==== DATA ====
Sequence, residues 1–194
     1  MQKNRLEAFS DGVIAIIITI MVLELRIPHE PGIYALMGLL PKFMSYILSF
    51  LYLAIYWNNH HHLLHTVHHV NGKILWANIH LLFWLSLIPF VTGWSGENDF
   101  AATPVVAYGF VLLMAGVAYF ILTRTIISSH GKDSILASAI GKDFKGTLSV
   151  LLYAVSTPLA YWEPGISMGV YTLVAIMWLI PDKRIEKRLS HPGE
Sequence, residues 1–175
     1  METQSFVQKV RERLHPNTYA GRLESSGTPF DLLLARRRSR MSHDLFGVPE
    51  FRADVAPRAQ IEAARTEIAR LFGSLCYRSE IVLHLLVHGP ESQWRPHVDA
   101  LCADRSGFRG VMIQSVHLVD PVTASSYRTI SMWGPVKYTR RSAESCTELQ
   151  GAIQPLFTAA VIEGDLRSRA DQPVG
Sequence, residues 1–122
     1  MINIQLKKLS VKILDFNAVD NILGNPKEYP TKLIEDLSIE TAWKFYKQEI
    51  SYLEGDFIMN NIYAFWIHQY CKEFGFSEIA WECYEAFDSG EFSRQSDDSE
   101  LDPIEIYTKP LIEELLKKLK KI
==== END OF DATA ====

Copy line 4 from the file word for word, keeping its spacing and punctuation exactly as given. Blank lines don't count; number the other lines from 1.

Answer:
   101  AATPVVAYGF VLLMAGVAYF ILTRTIISSH GKDSILASAI GKDFKGTLSV